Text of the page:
Disaster Nursing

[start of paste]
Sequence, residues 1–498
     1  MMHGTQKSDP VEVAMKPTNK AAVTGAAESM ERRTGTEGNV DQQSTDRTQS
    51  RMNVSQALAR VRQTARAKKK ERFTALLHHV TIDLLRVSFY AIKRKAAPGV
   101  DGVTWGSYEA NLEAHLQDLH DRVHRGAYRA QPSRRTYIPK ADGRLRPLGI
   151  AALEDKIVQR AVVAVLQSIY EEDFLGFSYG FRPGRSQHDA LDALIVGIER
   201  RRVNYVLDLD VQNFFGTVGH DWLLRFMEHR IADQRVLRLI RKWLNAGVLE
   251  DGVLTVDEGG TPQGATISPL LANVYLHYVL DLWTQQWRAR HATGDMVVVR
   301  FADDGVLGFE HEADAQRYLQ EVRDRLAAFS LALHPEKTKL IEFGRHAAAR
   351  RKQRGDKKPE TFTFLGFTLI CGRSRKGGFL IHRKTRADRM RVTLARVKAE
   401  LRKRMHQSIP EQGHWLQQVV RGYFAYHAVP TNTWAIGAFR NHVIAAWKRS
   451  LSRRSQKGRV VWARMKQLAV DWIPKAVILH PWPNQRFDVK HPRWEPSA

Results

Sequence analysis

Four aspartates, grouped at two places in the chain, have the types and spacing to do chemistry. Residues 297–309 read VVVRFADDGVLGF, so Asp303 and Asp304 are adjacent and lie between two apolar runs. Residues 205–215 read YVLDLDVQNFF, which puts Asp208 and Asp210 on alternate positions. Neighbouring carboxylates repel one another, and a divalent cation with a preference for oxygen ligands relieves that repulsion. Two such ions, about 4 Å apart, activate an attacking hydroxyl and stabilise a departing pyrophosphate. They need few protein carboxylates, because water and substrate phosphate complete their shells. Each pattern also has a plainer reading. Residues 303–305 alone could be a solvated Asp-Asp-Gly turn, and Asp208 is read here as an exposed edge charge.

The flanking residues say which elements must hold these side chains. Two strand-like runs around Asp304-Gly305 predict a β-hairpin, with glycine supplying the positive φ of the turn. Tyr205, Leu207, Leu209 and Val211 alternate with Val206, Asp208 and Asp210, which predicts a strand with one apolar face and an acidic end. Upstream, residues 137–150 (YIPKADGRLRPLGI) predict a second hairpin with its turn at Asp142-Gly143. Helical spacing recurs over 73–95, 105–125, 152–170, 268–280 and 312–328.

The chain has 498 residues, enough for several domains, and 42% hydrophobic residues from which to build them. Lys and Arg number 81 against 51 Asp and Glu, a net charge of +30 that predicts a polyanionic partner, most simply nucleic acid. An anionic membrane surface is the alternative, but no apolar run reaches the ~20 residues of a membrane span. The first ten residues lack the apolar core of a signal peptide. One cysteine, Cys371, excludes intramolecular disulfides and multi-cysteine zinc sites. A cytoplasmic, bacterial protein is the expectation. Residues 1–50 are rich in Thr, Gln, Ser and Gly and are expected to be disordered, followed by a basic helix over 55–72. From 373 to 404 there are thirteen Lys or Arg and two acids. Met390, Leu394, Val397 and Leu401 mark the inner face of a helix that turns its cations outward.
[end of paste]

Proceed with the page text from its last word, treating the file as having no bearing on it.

When a disaster hits, it affects the whole community and it is up to the health care team to put together the pieces and help those in need. Nurses have many roles in the event of a disaster in order to minimize casualties and support the victims. Some of these roles include triage, which is when the nurse’s do a rapid assessment on the patients to see which patient’s will need priority care. Another role is detection, meaning the nurse will recognize signs and symptoms, modes of transmissions, and know proper antidotes. Accessing critical resources is another role, as the nurse will have to act quickly to gather the equipment they need. Nurses also will need to understand and know isolation and quarantine procedures and policies so if an outbreak of something were to happen, they would be prepared to protect themselves and others. Nurses will also need to be good communicators as disasters are chaotic and things will need to be done quickly and precisely. With effective communication comes better outcomes with all people involved. I think that with a natural or man-made disaster, nurses have an equal role to the patient and to themselves. It goes without saying that a nurse signs up to help those in need when they are at their most vulnerable. That is our primary role as a nurse everyday, and it is no exception to a disaster. That being said, disasters can be ongoing for days or even weeks. It is up to us to know our limits and when to step back and take care of ourselves. How can the nurse do the best they can for patients when they are sleep deprived, dehydrated, aching, and starving? With some self-advocacy, and self-care, nurses can better take care of their patients.

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